I happened to tune in to the Food Channel tonight and saw a great program on the Grove Park Inn’s Annual Gingerbread Contest. As I watched these people constructing these amazingly ornate structures out of candy and confections alone, I had to wonder:
Is gingerbread as art just a cruel joke?
There is no doubt in my mind that the structures I saw built tonight were art. I even watched as one woman spent a good deal of time sculpting a perfect, tiny teapot out of almond paste to place on the similarly perfect and tiny stove in her gingerbread house’s very well equipped kitchen. She made all of these edible items by hand. Could you, in good conscience, eat her teapot? I don’t think so.
I still have a photo of a gingerbread house that I made when I was about 12 years old. It was a standard Cape Cod style home, covered with white frosting, decorated with gumdrops and featuring a Graham Cracker front door bordered by two proud candy canes. We had to take a picture of it because my family was ready to eat it as soon as the last gumdrop was placed. I don’t mind that they ate it though. Who wants to keep a stale cake lying around the house?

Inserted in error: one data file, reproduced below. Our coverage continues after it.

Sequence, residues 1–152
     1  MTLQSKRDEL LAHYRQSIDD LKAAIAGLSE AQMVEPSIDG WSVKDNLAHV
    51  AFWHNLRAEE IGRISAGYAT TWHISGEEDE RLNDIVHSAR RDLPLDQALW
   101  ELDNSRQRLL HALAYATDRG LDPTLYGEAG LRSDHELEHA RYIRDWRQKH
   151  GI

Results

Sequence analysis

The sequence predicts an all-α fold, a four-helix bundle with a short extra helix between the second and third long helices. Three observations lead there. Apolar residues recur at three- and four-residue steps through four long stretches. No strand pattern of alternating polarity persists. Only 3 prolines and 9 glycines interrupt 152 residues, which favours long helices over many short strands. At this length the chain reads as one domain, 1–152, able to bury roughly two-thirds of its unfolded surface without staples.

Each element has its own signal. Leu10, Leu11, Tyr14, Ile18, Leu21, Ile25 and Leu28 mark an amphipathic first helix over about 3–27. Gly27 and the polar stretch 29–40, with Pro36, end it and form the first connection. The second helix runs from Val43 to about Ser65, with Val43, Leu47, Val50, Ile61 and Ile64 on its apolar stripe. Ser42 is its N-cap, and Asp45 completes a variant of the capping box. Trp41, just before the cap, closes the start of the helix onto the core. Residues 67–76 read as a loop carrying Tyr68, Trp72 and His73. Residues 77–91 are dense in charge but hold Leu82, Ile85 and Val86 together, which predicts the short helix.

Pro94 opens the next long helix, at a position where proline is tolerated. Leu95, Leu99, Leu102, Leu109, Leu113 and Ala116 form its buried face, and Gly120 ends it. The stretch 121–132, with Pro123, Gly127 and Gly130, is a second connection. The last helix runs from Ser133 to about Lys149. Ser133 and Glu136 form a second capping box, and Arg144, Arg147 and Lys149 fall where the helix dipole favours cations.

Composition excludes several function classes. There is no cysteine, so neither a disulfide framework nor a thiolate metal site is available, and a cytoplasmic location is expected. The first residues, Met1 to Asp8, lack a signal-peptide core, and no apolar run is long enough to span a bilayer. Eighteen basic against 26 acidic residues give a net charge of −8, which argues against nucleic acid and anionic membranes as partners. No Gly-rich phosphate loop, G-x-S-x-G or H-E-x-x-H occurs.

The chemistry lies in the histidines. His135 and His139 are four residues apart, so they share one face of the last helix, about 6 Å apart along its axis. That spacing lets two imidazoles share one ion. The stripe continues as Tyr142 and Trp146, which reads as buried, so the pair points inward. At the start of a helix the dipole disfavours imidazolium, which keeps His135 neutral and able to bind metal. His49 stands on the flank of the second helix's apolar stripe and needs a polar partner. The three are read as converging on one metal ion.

Yes, I am a firm believer in the gingerbread house as food theory.
A gingerbread house, however ornate should understand that to fulfill its destiny, it must be eaten. I believe that people who make gingerbread houses as art should call them that – candy art. Don’t confuse the children by calling it gingerbread, which they know full well they should be able to eat. Call it what it is.
As for me, I plan to build attractive yet tasty gingerbread houses with my children. I’m a firm believer in the gingerbread layer-cake construction. (Nobody likes a pretty face with no substance!) We’ll use a solid cake base in a Cape Cod or Ranch style while the kids are young. As they get older, we can move up to Victorian styles and specialty structures. Unlike these people on the Food Channel, the joy in creating this house won’t be in the perfection of design and decoration for me. My joy will come from spending hours with my children, playing with candy and just being together.
Who cares if our gingerbread house turns out to be a broken-down shack with no doors? We’ll make precious memories of constructing it together and then enjoy eating it. Who needs art when you’ve got all that?
For a great Gingerbread House you can make yourself, click here!